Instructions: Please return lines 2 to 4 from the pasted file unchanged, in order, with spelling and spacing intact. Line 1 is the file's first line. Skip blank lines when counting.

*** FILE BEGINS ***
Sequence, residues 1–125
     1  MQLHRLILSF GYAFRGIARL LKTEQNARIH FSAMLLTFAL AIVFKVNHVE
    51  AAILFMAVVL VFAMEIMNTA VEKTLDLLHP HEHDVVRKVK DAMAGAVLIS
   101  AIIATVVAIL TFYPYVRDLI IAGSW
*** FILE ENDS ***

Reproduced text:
     1  MQLHRLILSF GYAFRGIARL LKTEQNARIH FSAMLLTFAL AIVFKVNHVE
    51  AAILFMAVVL VFAMEIMNTA VEKTLDLLHP HEHDVVRKVK DAMAGAVLIS
   101  AIIATVVAIL TFYPYVRDLI IAGSW